If you are concerned that you might have trouble this year with the IRS, consider getting help with your taxes with a service like Community Tax Resolution Service. Having a qualified professional help you can mean avoiding a lot of stress. Of course, if you do have trouble with the IRS, you may want to consult an attorney. Once you have, be prepared to cooperate with the IRS agent. Be prepared for their questions, have your paperwork ready, and keep calm! If your tax problems came from an innocent mistake, your cooperation will mean a speedier and easier time clearing up the problem.

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10 thoughts on “The Top Red Flags for an IRS Audit

    • Hi FTFF,

      That’s a pretty lofty goal. With tax laws changing every year and getting more complex with each revision I feel that truly understanding the system is impossible. The best anyone can do is work within the system and follow basic rules as to not raise any red flags. Thank you for stopping by and commenting.

  1. Unfortunately I’ve been lollygagging with our taxes but I’ve got them done for the most part. There’s still a few things to tidy up with my brokerage account. I really wish the tax code was much simpler and the everything was pretty much automatic. It’s such a pain to have to file taxes each year especially since things change every year.
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    • Hi JC,

      Prepping for taxes is never fun nor straightforward but it’s something we all must do. I just finished my taxes yesterday so don’t feel too bad about “lollygagging.” Thanks for sharing your thoughts.

  2. Thanks for sharing DivHut. All great tips. Hope everything is well with the new addition to the family 🙂 Thanks for sharing and keep up the hustle bustle. Financial Freedom. Take care bud.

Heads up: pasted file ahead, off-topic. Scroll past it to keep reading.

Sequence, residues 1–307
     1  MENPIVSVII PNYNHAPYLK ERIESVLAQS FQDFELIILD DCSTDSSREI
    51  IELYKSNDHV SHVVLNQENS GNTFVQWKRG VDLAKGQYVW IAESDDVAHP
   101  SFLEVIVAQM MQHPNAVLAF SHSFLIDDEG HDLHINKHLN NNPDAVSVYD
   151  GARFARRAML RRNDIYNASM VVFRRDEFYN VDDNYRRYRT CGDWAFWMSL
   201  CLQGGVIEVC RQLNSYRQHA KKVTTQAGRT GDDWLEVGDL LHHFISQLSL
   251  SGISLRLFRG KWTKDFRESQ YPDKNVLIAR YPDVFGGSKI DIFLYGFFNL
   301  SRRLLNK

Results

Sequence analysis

• Hi DH,

      Taxes are never fun and trying to figure things out on your own can certainly be challenging to say the least. I guess it’s all about not raising any red flags to minimize the chances of being audited and making sure the IRS gets something. I still can’t understand the people who simply don’t file. Talk about raising a red flag.

      All is going well with our new addition. Thanks for asking. My days are basically on a 24 hour clock as feedings among other stuff must be done every three hours or so. I can honestly say that I feel very content where I am with my son and wife by my side. Thank you for stopping by.

    • Hi AG,

      I have heard all the horror stories of going through an audit and it is something that I hope to never experience. Sometimes, even the most careful and best intentioned tax preparations can raise unintended red flags. Thanks for sharing your experience.

  3. This was the first year that I prepared my taxes without an accountant. I was happy when I came to the final conclusion, everything looked very similar to what the accountant had done last year. I went through the 1040 and made sure that I filled in the same fields they had populated with from my W2 last year. I don’t think I’m very likely to receive an audit from the IRS, but I always save all my documentation just in case!
    Debt Hater recently posted…Fund RecommendationMy Profile

    • Hi DH,

      I have been going to an accountant for many years and as long as I run my own business I’ll continue to do so. The tax laws are just so crazy and change frequently that it’s impossible to stay on top of everything unless it’s your profession of course. While the chances of receiving an audit might be rare it’s still an expensive and time consuming experience I would not want to have. Thanks for stopping by and sharing your thoughts.